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ERIC Number: EJ972311
Record Type: Journal
Publication Date: 2012
Pages: N/A
Abstractor: ERIC
Reference Count: N/A
ISBN: N/A
ISSN: ISSN-0145-9635
Getting to No: Building True Collegiality in Schools
Evans, Robert
Independent School, v71 n2 Win 2012
Amid all the controversy about how to improve America's schools, the importance of strengthening collegial collaboration among teachers has drawn almost unanimous support. However, what schools have instead of collegiality is congeniality. Congeniality is about getting along well, being friendly, warm, and supportive. Schools are full of good people who are cordial to and considerate of one another, who care about each other. Congeniality provides an essential foundation for a faculty's sense of community and its work with students. What it "doesn't" provide is any meaningful attention to that work. By itself, it fosters a culture of niceness and privacy, not a culture of growth. True collegiality requires more than being cordial and caring. It requires a focus on development and performance. It means sharing--deprivatizing--the work of teaching, and it means talking candidly, and being able to disagree constructively, about professional practice. For most educators, none of this comes easily, which surprises and dismays many advocates of improved collegiality, who assume that an appetite and aptitude for collaboration should be the norm in schools. But the fact is that most teachers are not ideally suited to collaborate--and the reasons make sense. They reflect inherent features of teaching itself and of teachers themselves--tendencies that are not only natural, but in key ways crucial to success with students. The forging and sustaining of a truly collegial, collaborative ethos in a faculty means confronting deeply embedded structural and personal challenges. To flourish, collegiality requires a foundation of "shared commitment to appropriate candor in the service of collective growth." This commitment must ultimately be broad and deep--a consensus that, once established, is both regularly renewed and built into the structures of faculty life. As with so much else in education, the building of true collegiality is a journey, an ongoing exploration of teaching and learning. Teachers who embark on this journey have a real chance to learn new ways of looking at themselves and their work and to broaden their view and deepen their craft--and, thus, enrich not only the quality of their teaching and of their students' learning, but of their lives together. (Contains 9 notes.)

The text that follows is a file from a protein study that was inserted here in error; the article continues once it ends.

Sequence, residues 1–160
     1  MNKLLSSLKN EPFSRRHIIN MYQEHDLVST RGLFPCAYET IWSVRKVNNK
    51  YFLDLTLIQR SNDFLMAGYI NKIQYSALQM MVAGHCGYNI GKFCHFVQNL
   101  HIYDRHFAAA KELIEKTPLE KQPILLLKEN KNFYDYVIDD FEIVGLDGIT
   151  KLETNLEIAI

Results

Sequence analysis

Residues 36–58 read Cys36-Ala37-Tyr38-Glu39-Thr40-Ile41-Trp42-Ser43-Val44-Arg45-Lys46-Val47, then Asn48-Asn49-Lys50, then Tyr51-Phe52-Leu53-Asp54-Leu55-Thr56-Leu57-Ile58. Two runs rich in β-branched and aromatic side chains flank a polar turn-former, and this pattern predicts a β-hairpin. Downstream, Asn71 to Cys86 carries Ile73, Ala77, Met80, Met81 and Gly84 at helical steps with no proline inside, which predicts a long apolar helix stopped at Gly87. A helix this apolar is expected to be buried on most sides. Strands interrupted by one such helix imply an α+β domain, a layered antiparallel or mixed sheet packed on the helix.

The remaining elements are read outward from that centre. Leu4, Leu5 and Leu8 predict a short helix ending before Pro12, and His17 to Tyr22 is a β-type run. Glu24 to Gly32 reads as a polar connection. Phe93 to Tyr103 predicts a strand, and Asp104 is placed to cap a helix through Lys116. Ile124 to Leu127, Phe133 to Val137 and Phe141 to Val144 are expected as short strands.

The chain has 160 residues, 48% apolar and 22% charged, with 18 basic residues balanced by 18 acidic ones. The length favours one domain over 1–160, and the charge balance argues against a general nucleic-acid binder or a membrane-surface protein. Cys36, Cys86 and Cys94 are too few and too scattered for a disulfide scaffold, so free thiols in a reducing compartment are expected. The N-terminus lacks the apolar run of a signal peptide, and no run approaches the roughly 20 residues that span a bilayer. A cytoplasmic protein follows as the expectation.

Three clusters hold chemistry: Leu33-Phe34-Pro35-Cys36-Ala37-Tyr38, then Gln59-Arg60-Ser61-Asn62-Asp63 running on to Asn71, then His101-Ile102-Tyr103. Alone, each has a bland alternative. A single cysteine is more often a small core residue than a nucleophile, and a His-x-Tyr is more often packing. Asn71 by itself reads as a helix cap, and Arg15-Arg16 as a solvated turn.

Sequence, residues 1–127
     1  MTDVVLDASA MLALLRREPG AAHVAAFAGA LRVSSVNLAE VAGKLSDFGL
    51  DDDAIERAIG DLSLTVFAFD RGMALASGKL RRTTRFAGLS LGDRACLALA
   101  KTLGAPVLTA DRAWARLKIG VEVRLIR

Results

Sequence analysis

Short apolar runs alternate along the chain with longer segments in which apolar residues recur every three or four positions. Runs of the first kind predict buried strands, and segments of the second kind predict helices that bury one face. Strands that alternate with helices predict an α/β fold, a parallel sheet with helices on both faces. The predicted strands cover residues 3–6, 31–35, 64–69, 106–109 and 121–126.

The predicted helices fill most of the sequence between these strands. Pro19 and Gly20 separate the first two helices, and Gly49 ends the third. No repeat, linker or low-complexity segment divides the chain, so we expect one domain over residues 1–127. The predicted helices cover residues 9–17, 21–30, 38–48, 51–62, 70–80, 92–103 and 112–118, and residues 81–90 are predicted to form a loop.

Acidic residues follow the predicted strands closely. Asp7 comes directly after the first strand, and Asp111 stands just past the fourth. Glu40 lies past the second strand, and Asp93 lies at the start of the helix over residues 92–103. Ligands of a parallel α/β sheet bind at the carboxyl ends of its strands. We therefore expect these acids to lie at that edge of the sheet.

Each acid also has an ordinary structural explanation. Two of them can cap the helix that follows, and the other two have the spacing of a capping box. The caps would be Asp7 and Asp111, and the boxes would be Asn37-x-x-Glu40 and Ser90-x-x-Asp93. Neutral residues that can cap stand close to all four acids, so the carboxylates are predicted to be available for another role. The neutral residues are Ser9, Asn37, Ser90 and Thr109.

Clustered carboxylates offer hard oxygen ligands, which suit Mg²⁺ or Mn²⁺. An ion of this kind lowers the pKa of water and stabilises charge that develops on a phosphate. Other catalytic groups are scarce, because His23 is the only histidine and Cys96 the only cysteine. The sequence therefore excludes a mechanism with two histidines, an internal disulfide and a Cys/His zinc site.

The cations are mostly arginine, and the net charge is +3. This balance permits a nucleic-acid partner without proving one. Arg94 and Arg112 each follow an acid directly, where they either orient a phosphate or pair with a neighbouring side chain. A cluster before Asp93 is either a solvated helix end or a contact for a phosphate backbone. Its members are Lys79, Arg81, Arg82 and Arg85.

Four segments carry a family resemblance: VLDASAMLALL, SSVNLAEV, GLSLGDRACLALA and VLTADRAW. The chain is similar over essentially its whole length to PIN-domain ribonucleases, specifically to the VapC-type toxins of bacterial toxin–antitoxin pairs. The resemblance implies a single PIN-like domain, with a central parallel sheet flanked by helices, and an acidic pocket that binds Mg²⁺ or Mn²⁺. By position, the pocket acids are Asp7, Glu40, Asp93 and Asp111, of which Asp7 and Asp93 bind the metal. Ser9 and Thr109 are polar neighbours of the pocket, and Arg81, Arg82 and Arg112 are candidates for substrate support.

National Association of Independent Schools. 1620 L Street NW Suite 1100, Washington, DC 20036. Tel: 800-793-6701; Tel: 202-973-9700; Fax: 202-973-9790; Web site: http://www.nais.org
Publication Type: Journal Articles; Reports - Descriptive
Education Level: N/A
Audience: N/A
Language: English
Sponsor: N/A
Authoring Institution: N/A
Identifiers - Location: United States